Apr 20, 2023 - Science

ESA head: Physical disabilities shouldn't stop people from becoming astronauts

Illustration of a handicap sign with the figure wearing an astronaut helmet and floating away from the sign up towards the stars.

Illustration: Aïda Amer/Axios

COLORADO SPRINGS, Colo. — The director general of the European Space Agency, Josef Aschbacher, told Axios he wants to see other space agencies consider accepting people with disabilities into their astronaut corps.

Why it matters: Most space agencies have stringent health and physical requirements for astronauts, limiting who can fly to space. But by expanding the definition of the "right stuff" needed to become an astronaut, spaceflight would become more inclusive, especially for people who historically have been told they can't fly to space.

Driving the news: The European Space Agency last November announced the selection of its first "parastronaut" — John McFall, a British Paralympian whose right leg was amputated when he was 19.

  • "A physical handicap should not stop you from becoming an astronaut," Aschbacher told Axios here at the National Space Symposium.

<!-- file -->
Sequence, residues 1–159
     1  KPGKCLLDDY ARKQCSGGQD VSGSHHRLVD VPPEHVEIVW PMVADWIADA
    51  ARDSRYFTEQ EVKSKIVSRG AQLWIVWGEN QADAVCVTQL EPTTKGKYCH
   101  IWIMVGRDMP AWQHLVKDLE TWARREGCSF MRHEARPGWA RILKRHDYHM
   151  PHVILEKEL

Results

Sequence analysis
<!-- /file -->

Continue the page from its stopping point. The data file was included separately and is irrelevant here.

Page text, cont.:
• "I hope when John McFall is flying that this is so visible and so clear, but that others are inspired as well," he added. "It's a very symbolic element of showing that space is not only for fighter pilots, but it's really for all kinds of people."
  • McFall will now participate in a study to learn more about what kind of adjustments will need to be made to the capsule, space station and gear in order to make a future flight successful for him.
  • NASA hasn't recently commented on or made any announcements about recruiting astronauts with disabilities.

The big picture: The rise of private spaceflight has also opened up opportunities to a wider array of people.

  • Hayley Arceneaux, one of the crew members who flew to space with the Inspiration4 mission in September 2021, is a childhood cancer survivor with a prosthesis in her leg. She likely wouldn't have had that opportunity if she had taken a more traditional, government-centered path to space.

What to watch: People with certain disabilities may even fare better in space than those who are considered able-bodied on Earth, experts have said.

  • For example, people who use wheelchairs for mobility might have an easier time spacewalking in microgravity and working in a spacesuit.

Go deeper: The new "Right Stuff"

Editor's note: This story has been corrected to reflect that the Inspiration4 mission was in September 2021.

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